Home Venture Capital A sustainability-focused VC founder just took over Penn’s board of trustees

A sustainability-focused VC founder just took over Penn’s board of trustees

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By Sarah Huffman

The University of Pennsylvania’s new board chair is a venture capitalist who grew up in India, lived in New York, is based in San Francisco, and is known for investing in climate and sustainability.

Ramanan Raghavendran last week officially took over as the chair of the Penn board of trustees, replacing Scott L. Bok, who resigned from the position in December.

Bok’s departure followed that of former Penn President Liz Magill, who resigned from the position after a tumultuous fall semester that culminated in last month’s congressional hearing about antisemitism on campus last month. Julie Beren Platt, vice chair of the board of trustees, served as interim chair.

Raghavendran, who steps into the position amid intense scrutiny on the Ivy League and other elite universities and their policies around diversity and freedom of speech, doubled down on his faith in the institution.

“I believe great American universities, like the University of Pennsylvania, are the most important repositories of all that defines, and is good and laudable about, our modern civilization,” Raghavendran said, per the school’s announcement. “I am humbled by the trust reposed in me by my fellow trustees. We are united in supporting the mission of this incredible institution.”

The 55-year-old has three decades of experience in venture capital and growth equity. A Penn alum, he became a trustee in 2014, and has since served on various Penn advisory boards.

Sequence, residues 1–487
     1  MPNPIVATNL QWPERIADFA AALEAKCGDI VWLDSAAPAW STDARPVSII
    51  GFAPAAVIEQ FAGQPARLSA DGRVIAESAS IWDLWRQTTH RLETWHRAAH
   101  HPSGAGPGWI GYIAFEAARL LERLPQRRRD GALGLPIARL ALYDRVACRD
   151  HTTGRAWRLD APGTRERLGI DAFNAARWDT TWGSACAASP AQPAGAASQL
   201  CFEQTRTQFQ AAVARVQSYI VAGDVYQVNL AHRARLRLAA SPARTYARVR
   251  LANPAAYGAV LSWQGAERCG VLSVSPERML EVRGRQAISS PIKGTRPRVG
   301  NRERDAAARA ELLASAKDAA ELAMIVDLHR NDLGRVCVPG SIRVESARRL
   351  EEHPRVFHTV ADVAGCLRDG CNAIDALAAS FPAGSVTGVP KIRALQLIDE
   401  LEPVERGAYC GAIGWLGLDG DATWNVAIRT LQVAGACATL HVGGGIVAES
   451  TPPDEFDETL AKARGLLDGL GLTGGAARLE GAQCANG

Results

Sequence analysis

As leader of the board of trustees, Raghavendran oversees communication with the university’s administration and manages its relationships with outside organizations.

Here are five things to know about the new face of Penn’s board.

He’s a sustainability wonk

Raghavendran is the cofounder of Amasia, a VC firm that invests from the seed to Series B stages in technology companies focused on the climate crisis and sustainability. Founded in 2013, the firm has raised more than $262 million, per Crunchbase. View its portfolio here.

He also published a 2022 book on climate change, called “In Our Hands: Getting To A Sustainable Planet With Behavior Change,” and hosts a climate-themed podcast called “In Our Hands.”

He immigrated from India to attend Penn at age 16

Raghavendran grew up in India, where his father, who served 41 years in the Indian Air Force, modeled a “relentless drive to ‘make it work,’” according to a 2020 obituary Raghavendran wrote.

Though he had options to attend universities in India, his father ultimately left the decision up to him, Raghavendran said – and he chose to come to attend Penn. Eventually, his parents joined him in the US.

He holds several degrees and is pursuing another

Raghavendran holds bachelor’s degrees from Penn in computer science and engineering and in economics, per his LinkedIn, as well as a master of liberal arts degree.

He is also pursuing a degree from Stanford University’s Master of Liberal Arts program.

He has a stacked resume

Raghavendran counts 30 years of investing experience. After beginning his career at McKinsey, he worked for investment firms including General Atlantic, Insight Partners, TH Lee Putnam Ventures and Kubera Partners.

He’s also heavily involved in several nonprofits. Beyond his work with Penn, he has served on boards or advisory councils for SF Goodwill, Natural Capital Project at Stanford and others.

Tying back to his roots, Raghavendran is a co-founder of Impact Partners, the first Indian venture philanthropy fund. He is also chairman of the advisory board for Magic Bus, an NGO that supports at-risk children in India.

He’s a writer

In addition to his book, he has a Substack, which includes musings on trust, failure and, yes, Penn.

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